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Mary's Teapot


Mary Davenport broke my heart today.

Mary is ninety five years old, she was born in Manchester and moved to Wiltshire when she was in her twenties but has never lost her accent and she has never been married. She worked her whole life as a needlework teacher.

I used to go to see Mary in her house in Corsham to treat her almost perfect feet. We always used to have a good old laugh together and a few minutes of reminiscence about life in the grim North Country from where we both hailed.

She had travelled more than most people of her generation, having toured much of Europe and New Zealand and she always used to tell me to see as much of the world as I could, while I could. Piles and piles of National Geographic magazines arranged neatly around her neat bungalow were the only means of escape for this frustrated traveller. As well as being housebound, her memory was deteriorating more and more by the day and I used to worry about her; always asking myself, as I said goodbye at the end of each visit, if I would see her again.

The first time I stayed to have a post operation cup of tea with her was an occasion I will always remember and always treasure. I only had fifteen minutes to spare before seeing my next customer and, aware that she was slow and not too steady on her feet, I offered to help her make the tea.

“We’ll need the teapot!” she exclaimed, opening and slamming closed some of the many cupboard doors in her kitchen. After five minutes of cupboard searching without success I began to wonder if I would have time to drink the tea so I offered to help. She saw this as a great act of kindness and allowed me to delve into the back of every long forgotten space in her kitchen to seek the elusive pot.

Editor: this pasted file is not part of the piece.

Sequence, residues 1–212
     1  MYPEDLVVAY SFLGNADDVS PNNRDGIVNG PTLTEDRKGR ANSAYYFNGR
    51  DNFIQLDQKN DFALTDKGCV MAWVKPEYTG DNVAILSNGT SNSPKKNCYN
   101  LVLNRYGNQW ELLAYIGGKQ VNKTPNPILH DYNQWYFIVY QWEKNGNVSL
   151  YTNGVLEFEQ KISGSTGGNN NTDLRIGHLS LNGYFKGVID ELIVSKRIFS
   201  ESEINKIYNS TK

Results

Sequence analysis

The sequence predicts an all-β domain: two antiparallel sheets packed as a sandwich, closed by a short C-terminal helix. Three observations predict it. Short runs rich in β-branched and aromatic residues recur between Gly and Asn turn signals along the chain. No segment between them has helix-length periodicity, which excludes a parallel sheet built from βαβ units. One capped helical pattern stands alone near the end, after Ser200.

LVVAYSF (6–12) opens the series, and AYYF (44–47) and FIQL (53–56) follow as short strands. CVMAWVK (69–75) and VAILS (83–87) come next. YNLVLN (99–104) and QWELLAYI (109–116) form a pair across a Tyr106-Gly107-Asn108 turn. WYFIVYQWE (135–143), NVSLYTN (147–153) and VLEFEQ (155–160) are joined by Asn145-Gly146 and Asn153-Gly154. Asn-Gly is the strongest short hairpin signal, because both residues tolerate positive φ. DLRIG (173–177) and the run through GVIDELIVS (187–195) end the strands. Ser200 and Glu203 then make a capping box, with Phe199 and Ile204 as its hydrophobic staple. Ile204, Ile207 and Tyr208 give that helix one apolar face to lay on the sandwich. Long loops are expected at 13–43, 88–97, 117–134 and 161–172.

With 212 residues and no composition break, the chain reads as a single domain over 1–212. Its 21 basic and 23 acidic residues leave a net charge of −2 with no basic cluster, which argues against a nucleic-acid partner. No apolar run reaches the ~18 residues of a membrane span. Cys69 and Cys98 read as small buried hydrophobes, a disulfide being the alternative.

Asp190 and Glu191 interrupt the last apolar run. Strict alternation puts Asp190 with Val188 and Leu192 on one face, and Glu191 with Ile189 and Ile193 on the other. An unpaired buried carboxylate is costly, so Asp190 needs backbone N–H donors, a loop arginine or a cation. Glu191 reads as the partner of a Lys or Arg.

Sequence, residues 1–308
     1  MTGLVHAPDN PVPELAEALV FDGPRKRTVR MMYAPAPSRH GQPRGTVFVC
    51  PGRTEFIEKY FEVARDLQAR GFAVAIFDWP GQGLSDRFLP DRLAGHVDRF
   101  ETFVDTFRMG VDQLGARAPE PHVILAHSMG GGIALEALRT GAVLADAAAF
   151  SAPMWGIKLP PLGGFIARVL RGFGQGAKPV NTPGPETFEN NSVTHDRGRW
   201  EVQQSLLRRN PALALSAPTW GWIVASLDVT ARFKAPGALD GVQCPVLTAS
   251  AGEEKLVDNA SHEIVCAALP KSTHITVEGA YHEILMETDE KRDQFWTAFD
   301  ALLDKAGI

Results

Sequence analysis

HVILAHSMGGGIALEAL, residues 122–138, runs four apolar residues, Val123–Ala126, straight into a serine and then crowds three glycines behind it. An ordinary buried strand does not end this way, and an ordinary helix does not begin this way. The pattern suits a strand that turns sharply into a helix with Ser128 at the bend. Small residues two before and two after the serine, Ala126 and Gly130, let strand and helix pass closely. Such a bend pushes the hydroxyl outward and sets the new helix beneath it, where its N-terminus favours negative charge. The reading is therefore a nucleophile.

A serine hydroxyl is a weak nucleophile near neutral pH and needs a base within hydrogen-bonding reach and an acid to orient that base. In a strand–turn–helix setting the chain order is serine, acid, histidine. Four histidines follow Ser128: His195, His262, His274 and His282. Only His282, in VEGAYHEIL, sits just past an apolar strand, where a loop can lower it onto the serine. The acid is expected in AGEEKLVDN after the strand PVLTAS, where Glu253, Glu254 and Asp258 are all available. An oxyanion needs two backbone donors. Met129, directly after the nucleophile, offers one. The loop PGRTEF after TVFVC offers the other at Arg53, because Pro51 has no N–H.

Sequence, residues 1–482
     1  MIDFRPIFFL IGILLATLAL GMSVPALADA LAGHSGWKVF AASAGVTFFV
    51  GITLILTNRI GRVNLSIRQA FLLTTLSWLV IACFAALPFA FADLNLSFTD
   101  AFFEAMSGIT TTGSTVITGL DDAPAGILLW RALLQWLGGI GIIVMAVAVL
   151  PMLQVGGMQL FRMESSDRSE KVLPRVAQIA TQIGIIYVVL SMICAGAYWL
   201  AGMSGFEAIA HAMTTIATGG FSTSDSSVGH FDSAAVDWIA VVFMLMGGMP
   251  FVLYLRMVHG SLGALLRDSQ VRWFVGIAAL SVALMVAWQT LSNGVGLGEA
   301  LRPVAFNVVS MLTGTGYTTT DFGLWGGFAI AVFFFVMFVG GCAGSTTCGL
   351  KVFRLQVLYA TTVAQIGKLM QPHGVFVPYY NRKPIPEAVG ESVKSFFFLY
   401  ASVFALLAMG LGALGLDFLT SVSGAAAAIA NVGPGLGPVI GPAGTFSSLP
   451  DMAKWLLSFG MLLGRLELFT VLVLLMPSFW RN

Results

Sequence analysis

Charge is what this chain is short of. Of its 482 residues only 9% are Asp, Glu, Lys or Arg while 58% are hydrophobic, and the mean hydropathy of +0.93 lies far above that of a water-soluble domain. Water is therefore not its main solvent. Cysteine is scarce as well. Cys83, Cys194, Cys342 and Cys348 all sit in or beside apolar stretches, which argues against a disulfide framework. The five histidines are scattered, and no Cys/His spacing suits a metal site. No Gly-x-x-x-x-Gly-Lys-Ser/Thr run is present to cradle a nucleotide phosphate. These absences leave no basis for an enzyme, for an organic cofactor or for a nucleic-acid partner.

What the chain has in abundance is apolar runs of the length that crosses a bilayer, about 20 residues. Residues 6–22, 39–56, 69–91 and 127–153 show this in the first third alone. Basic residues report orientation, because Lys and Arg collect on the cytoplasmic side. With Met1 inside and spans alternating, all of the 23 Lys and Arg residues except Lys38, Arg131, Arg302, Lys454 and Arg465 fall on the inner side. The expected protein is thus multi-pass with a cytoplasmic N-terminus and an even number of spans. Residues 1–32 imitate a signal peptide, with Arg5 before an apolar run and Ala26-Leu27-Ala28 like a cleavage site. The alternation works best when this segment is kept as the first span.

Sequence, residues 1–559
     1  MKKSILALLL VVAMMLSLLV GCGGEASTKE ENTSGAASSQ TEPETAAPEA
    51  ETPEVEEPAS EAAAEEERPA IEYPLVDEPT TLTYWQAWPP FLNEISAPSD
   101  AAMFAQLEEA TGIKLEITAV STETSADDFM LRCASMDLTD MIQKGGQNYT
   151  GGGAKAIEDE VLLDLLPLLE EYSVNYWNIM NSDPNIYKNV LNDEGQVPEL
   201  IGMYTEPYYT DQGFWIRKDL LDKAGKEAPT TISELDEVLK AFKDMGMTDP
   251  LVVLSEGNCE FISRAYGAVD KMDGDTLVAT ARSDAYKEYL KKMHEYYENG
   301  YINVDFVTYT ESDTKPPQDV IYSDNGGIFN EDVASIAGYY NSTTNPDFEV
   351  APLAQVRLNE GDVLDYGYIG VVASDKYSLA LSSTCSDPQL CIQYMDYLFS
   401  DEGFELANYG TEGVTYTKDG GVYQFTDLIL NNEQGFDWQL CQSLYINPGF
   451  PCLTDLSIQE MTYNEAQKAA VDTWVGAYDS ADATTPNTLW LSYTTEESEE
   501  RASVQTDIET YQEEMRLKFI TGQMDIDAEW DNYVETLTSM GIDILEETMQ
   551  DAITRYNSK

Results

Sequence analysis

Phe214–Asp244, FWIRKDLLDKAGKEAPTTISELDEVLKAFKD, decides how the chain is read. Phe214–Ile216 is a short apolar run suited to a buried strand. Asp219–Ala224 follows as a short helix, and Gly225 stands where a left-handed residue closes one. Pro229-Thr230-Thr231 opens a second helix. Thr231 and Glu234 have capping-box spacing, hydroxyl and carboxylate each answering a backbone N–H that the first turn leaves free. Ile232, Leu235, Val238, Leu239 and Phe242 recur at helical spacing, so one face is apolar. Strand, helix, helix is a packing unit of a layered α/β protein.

After another five fruitless minutes she looked at me, her eyes lit up with a smile and she said, “Hang on a minute. I haven’t got a teapot.” I found it very hard to keep my face straight as those words rattled around in my head while I drank tea made with a teabag in a mug. It’s so desperately sad the way old age can affect the minds of such lovely and intelligent people as Mary but it did mean that with one short, confusion generated sentence she captured a place in my heart for the remainder of my days.

Today while I was working in a care home in Chippenham I saw Mary. She was lying in a bed, motionless but sweating. She had had a massive stroke. I talked to her about things we had chatted about in the past that I hoped might enable her remember who I was. She may have done but I couldn’t tell because the only expression on her face was one of torment. I stroked her hair as I looked straight into her eyes and smiled but there was no response from her poor, frightened face. It really did break my heart to see this poor lady, who had once been so proud, strong and worldly wise, in such an abysmal state.

I asked myself, as I said goodbye at the end of my visit, if I would see her again. But this time I felt that I knew the answer.

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